Catch up on stories from the past week (and beyond) at the Slashdot story archive


Forgot your password?

Comment Names and actual idenities of spies (Score 1, Interesting) 67 67

This database should contain all the personal details on spies. If this was stolen by China, why haven't we heard about every spy being pulled out of China and Russia? They are friend-enemies after all.

Any chance this hack done by the NSA to help get more funding and show the Americans how much they are needed to keep us safe? The NSA would know all the details of how the OPM works. Easy target.
Go into a big Chinese bank. What do you see? Most of the computers used for operations are still running XP. Hacking old Win 2003 servers in China from the US might not be very difficult. There are A LOT of Win 2003 servers in China. If you use these computers to launch an attack, who isn't going to believe those uber-smart Chinese have hacked us again?
If the Chinese actually have this data, there should be a huge reaction. I haven't see it. 1,000's to 10,000's of Americans at the embassies and working abroad should have run back to the US on very short notice. We should be hearing how our spying has been set back 20 years. Things are WAY too quiet It doesn't make sense to me.

Comment Chinese stocks not cheap (Score 5, Informative) 364 364

As I'm writing this:
Shanghai's average P/E is 17.31.
( Source: )

Dow Jones Ind Avg P/E is 16.2.
( Source: )

1. The idea is to buy low and sell high. Prices aren't low yet.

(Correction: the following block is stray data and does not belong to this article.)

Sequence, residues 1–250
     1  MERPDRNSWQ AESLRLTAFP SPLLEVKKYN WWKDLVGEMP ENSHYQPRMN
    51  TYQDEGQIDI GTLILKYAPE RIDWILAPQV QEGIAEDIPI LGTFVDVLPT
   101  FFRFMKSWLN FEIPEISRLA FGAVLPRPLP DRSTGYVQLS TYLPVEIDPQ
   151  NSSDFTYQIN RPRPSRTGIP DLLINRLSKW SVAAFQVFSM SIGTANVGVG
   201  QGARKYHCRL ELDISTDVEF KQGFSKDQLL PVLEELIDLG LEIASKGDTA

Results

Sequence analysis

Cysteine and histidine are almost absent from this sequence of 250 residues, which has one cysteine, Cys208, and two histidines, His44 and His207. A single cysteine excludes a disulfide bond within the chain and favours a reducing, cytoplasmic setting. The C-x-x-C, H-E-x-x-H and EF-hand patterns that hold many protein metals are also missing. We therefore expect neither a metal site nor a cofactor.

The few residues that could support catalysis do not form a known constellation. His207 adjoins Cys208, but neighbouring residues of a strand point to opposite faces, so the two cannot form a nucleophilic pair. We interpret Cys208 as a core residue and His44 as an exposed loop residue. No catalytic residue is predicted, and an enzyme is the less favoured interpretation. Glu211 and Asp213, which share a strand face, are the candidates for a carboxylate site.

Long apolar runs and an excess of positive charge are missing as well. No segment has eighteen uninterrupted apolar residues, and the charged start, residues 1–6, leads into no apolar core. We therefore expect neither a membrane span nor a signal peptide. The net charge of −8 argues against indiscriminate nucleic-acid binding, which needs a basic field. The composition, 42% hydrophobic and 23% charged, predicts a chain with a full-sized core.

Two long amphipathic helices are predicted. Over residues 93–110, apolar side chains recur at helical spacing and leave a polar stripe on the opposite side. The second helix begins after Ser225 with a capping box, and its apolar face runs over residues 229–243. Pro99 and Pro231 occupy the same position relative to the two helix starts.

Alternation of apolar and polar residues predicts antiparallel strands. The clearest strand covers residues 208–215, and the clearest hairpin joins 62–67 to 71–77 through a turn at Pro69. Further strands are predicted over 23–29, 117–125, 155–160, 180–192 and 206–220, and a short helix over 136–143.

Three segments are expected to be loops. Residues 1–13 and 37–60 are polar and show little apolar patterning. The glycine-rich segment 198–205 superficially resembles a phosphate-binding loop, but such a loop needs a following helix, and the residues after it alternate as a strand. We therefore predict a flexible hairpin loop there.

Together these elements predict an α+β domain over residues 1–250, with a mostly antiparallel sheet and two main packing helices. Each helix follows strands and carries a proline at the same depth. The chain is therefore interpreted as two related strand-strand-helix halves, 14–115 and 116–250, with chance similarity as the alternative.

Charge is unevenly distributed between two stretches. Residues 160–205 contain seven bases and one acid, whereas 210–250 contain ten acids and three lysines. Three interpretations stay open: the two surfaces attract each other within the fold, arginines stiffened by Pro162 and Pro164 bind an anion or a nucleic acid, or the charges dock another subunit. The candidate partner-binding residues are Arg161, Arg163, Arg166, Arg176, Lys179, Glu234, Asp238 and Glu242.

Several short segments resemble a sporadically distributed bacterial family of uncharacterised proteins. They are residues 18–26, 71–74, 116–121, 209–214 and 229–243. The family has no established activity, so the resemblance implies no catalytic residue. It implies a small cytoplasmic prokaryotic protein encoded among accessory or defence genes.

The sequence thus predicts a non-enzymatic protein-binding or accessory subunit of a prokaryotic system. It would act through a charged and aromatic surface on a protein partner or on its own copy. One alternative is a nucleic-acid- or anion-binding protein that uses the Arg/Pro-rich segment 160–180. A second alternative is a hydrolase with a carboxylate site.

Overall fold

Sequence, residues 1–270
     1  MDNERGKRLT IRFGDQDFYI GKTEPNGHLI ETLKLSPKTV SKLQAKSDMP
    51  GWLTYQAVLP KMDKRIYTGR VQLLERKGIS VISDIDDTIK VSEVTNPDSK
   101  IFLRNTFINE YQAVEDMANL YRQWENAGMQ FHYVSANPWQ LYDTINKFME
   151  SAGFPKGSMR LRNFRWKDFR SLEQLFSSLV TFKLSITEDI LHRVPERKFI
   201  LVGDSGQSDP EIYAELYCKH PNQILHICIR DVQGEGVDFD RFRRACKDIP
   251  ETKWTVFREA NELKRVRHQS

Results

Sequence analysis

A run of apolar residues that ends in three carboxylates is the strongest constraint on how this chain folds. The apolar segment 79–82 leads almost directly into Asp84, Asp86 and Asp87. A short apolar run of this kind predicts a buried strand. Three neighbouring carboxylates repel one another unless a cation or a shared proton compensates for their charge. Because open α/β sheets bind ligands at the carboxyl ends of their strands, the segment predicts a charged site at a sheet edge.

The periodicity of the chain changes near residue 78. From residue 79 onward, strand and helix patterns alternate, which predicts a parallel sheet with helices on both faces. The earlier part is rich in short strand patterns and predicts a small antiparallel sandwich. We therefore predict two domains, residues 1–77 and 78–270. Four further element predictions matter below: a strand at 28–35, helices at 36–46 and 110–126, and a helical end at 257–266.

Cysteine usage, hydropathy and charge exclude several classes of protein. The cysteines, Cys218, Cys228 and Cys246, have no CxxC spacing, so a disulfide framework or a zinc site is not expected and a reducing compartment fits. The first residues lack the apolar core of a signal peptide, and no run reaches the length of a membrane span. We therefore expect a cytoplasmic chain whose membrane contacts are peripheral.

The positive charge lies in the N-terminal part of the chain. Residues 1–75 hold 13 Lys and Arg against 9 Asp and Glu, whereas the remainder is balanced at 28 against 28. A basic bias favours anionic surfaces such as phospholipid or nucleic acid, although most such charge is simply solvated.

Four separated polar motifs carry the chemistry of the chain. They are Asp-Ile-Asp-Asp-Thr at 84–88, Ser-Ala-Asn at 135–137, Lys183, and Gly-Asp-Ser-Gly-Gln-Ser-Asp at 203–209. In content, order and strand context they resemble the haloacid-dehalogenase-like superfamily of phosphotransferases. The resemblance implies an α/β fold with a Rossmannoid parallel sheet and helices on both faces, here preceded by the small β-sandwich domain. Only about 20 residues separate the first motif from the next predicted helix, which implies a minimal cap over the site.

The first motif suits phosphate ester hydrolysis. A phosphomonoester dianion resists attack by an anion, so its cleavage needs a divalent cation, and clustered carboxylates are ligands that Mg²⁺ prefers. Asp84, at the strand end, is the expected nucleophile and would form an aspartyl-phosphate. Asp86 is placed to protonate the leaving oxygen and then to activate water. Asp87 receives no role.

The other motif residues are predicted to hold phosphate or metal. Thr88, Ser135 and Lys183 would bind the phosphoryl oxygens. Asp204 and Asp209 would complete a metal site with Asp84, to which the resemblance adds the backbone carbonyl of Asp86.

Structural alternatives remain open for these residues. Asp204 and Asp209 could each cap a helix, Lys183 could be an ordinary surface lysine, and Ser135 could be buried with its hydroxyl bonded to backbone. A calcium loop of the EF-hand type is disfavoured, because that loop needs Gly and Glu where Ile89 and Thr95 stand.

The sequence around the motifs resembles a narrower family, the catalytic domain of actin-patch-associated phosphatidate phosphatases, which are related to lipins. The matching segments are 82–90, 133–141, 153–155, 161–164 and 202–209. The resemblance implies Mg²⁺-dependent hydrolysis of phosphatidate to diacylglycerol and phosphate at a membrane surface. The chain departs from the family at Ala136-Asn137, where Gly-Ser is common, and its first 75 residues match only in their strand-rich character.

2. A lot of people in China bought at very high valuations and hoped to sell at an even higher level to a "greater fool" to make a profit. This is called greed, and these people are in pain. Especially since so many of them bought on margin.

Comment Numbers reported incorrectly (Score 4, Insightful) 193 193

The way the model results are reported needs to change. The worst case results were presented to the public as the expected outcome. This is something between highly deceptive and unethical. (think yelling "Fire!" in a crowded movie theater.) The best, worst and average outcomes from the model need to be reported. Perhaps even two sets of best, worst and average outcomes. One with large scale intervention and one with zero intervention.

A very simple way to think about when you know the model has failed: The model has failed when it makes 100 predictions with 95% certainty and more than 5 of the actual outcomes are outside the bounds defined by the best and worst outcomes. Note: I said SIMPLE.

The modelers need to be careful about what they say. Next time they predict armageddon, no one will take them seriously.

Comment Delivered versus reviewed (Score 3, Insightful) 143 143

And who would trust MS not to show one version of the software and deliver something compiled from slightly different sources? Remember MS is more than happy to turn over dissidents' emails to the Chinese government. MS will say: "We follow all applicable laws in the countries where we operate." So what are the US laws about spying on anyone outside the country? I think it is required under NSL's.

Comment Why now? (Score 3, Interesting) 538 538

She must have sent a huge number of e-mails to 1000's of people. Didn't someone notice that the e-mails were from instead of

If I got an email from her dealing with official business, I would have questioned why it wasn't from a "real" e-mail address - as in or whatever.
Why didn't anyone say something sooner? Didn't someone suspect her emails the same way I would suspect an e-mail from a Nigerian prince needing help?

Comment MH370 (Score 5, Interesting) 439 439